Parkinson's disease

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Parkinson's disease is a condition in which parts of the brain become progressively damaged over many years.

The 3 main symptoms of Parkinson's disease are: involuntary shaking of particular parts of the body (tremor) ,slow movement, stiff and inflexible muscles

A person with Parkinson's disease can also experience a wide range of other physical and psychological symptoms.

These include: depression and anxiety, balance problems (this may increase the chances of a fall),loss of sense of smell (anosmia),roblems sleeping (insomnia), memory problems.

Partialism

EXPERTS
Partialism is sexual interest with an exclusive focus on a specific part of the body other than the genitals. Partialism is categorized as a fetishistic disorder in the DSM-5 of the American Psychiatric Association only if it causes significant psychosocial distress for the person or has detrimental effects on important areas of their life. In the DSM-IV, it was considered a separate paraphilia(not otherwise specified), but was merged into fetishistic disorder by the DSM-5.] Individuals who exhibit partialism sometimes describe the anatomy of interest to them as having equal or greater erotic attraction for them as do the genitals.Partialism occurs in heterosexual, bisexual, and homosexualindividuals. The foot is considered one of the most common partialisms.

Persecutory Delusions

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Persecutory delusions occur when someone believes others are out to harm them despite evidence to the contrary. It’s a type of paranoid thinking that can be part of several different mental illnesses.

Whether an individual thinks his co-workers are sabotaging his work or he believes the government is trying to kill him, persecutory delusions vary in severity. Some individuals with persecutory delusions believe they have to go to great lengths to stay safe—and consequently, they may struggle to function normally.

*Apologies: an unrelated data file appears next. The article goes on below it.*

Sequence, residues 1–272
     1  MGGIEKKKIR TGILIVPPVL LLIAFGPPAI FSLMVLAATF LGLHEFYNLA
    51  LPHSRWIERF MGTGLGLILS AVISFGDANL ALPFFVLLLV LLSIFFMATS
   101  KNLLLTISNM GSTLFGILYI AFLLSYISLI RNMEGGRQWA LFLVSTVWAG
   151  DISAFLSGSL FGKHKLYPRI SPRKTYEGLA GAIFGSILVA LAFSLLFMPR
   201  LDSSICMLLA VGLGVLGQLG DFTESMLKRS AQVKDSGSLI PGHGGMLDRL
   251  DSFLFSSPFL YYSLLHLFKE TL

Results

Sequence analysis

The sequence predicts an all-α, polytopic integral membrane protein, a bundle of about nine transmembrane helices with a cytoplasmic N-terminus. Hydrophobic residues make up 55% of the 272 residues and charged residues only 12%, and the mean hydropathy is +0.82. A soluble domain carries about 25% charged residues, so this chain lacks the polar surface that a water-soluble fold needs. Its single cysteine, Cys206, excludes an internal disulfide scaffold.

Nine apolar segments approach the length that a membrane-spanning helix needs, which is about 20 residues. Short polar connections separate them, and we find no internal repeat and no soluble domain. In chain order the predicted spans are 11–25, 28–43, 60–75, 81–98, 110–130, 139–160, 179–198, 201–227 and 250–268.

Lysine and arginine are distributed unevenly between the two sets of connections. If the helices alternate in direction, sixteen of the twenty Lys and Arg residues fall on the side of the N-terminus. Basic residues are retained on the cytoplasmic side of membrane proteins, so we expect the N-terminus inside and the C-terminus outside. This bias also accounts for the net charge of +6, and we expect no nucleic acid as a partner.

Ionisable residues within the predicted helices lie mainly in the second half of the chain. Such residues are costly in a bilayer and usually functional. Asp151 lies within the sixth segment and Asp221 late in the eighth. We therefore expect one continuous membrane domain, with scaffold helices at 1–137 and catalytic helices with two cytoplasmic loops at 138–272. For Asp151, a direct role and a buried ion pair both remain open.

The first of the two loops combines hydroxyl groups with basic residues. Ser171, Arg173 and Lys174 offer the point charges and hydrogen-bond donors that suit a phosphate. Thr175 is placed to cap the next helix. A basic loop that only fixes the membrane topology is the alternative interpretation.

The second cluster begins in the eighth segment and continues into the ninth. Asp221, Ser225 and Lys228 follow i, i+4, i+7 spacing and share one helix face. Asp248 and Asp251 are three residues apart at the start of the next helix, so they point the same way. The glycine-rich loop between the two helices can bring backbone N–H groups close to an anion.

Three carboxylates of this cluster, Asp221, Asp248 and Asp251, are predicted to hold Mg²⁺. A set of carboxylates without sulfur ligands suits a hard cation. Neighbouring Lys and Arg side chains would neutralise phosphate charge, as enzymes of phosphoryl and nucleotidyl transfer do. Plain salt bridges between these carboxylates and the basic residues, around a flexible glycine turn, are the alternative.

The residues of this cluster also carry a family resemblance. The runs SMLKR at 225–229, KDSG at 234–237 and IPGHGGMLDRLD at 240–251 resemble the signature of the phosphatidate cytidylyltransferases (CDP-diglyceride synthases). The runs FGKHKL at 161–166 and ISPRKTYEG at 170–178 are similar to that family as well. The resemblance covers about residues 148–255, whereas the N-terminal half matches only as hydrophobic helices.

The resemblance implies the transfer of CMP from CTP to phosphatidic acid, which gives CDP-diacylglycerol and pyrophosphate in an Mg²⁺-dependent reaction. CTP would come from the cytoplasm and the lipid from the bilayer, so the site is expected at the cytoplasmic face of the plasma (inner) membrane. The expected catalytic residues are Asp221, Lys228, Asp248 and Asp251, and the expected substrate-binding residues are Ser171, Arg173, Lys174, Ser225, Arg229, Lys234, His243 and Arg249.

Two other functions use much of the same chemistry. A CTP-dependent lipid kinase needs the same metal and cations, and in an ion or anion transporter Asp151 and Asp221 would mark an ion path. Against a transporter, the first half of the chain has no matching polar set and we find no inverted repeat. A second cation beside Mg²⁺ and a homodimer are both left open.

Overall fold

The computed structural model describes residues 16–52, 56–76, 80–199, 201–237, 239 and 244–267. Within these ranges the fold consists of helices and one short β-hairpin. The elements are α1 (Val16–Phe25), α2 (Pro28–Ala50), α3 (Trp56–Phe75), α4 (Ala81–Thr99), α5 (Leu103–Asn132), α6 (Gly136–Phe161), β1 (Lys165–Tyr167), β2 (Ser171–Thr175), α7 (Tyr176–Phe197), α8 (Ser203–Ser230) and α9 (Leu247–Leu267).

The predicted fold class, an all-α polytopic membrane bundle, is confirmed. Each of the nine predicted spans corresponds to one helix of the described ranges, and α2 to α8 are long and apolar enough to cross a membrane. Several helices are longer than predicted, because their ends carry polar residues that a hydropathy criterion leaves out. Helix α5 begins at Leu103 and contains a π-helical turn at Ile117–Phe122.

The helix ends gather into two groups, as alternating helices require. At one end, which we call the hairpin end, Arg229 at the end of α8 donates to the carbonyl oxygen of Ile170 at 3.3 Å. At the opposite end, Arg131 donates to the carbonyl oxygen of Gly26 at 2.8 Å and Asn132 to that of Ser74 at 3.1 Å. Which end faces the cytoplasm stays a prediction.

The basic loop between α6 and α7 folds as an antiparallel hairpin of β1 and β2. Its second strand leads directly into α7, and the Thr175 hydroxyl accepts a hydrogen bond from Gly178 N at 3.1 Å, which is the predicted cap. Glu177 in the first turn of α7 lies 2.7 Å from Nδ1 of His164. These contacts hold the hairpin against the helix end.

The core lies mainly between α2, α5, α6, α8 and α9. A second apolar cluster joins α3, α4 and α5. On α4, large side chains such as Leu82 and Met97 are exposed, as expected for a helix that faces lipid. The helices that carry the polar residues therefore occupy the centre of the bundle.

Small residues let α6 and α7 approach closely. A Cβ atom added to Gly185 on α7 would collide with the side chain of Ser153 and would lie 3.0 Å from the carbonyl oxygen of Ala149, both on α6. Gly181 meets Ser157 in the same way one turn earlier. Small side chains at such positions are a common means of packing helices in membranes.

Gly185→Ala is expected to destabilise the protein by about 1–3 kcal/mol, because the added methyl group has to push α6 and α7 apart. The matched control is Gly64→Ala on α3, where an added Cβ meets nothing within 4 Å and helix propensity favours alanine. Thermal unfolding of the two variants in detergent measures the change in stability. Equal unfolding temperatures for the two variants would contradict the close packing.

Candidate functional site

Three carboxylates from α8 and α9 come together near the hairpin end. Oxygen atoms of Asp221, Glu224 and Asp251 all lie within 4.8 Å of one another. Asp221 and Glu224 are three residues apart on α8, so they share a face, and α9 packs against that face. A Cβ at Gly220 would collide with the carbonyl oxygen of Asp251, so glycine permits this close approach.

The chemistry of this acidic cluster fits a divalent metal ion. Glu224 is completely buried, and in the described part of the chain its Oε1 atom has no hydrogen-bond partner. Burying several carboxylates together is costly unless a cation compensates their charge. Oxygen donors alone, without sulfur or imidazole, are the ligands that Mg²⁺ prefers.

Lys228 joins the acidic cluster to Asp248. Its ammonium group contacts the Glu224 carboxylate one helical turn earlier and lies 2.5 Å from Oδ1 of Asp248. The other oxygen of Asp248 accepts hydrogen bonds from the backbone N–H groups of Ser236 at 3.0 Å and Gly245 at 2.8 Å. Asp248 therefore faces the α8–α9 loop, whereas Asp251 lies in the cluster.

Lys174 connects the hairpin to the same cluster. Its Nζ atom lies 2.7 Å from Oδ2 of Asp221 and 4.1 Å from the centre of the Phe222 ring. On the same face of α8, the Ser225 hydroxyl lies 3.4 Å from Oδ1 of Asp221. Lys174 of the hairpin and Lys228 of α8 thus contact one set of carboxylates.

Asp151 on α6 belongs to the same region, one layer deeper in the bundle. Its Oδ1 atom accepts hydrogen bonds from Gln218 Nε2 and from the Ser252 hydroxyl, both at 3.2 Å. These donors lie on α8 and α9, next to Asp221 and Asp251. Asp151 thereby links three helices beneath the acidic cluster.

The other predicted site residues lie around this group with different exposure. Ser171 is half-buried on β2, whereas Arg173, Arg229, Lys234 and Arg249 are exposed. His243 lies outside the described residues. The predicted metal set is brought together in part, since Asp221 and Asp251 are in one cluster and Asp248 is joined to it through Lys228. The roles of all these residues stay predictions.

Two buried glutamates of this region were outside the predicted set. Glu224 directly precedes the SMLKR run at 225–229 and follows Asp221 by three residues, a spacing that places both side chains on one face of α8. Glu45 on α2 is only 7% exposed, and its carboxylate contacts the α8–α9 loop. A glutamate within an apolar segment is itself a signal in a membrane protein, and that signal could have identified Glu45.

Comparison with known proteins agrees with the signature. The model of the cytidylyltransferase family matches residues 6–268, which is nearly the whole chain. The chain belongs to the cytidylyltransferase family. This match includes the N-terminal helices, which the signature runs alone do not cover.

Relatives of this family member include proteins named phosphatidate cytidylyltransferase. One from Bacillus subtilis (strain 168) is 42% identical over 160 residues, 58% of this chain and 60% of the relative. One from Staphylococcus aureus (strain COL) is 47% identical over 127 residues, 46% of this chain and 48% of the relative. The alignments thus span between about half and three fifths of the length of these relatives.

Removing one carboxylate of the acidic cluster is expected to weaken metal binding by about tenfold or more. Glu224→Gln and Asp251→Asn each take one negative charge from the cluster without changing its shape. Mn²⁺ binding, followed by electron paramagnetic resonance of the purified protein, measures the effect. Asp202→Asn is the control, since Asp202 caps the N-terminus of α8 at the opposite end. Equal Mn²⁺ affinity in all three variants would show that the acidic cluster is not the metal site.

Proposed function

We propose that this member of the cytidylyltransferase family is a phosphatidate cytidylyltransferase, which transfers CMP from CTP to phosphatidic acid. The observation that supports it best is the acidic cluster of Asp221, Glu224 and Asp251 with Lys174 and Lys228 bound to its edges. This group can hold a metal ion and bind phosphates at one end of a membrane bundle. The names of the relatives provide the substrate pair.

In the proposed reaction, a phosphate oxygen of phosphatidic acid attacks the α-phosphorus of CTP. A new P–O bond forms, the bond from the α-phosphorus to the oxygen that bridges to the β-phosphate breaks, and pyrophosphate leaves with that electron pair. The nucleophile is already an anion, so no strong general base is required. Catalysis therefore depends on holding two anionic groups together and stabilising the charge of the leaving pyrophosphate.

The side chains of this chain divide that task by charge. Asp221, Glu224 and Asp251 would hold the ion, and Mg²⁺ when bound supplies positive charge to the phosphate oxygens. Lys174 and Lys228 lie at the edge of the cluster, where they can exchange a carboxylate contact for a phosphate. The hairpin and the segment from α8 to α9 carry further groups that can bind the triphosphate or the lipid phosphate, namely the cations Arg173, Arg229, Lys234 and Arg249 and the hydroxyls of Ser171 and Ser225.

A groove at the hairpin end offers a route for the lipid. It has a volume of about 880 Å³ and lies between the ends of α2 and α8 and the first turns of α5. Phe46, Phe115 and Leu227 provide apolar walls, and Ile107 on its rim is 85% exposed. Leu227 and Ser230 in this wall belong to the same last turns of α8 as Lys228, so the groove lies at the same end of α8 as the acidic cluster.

Whether an individual thinks his co-workers are sabotaging his work or he believes the government is trying to kill him, persecutory delusions vary in severity. Some individuals with persecutory delusions believe they have to go to great lengths to stay safe—and consequently, they may struggle to function normally.

Personality disorders

EXPERTS
If someone has a personality disorder, some aspects of their personality might affect them in a way which makes it very difficult to cope with day to day life, especially when it comes to relation. Our personality is the collection of thoughts, feelings and behaviours that makes each of us the individuals we are. Our personality is the collection of thoughts, feelings and behaviours that makes each of us the individuals we are. We don't always think, feel and behave in exactly the same way – it depends on the situation we are in, the people with us and many other interconnecting factors. However, if you experience significant difficulties in how you relate to yourself and others and have problems coping day to day, you may receive a diagnosis of personality disorder

Phobias

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A phobia is a type of anxiety disorder. It is an extreme form of fear or anxiety triggered by a particular situation (such as going outside) or object (such as spiders), even when there is no danger.

For example, you may know that it is safe to be out on a balcony in a high-rise block, but feel terrified to go out on it or even enjoy the view from behind the windows inside the building. Likewise, you may know that a spider isn’t poisonous or that it won’t bite you, but this still doesn’t reduce your anxiety. Someone with a phobia may even feel this extreme anxiety just by thinking or talking about the particular situation or object.

Pica

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Pica is an eating disorder that involves a person eating things that they really shouldn’t be eating. Typical non-food things a person might eat when diagnosed with pica include: wool, talcum powder, paint, cloth or clothing, hair, dirt or pebbles, paper, gum, soap, and ice. Pica does not include someone who ingests diet foods or drinks that have no or minimal nutritional value.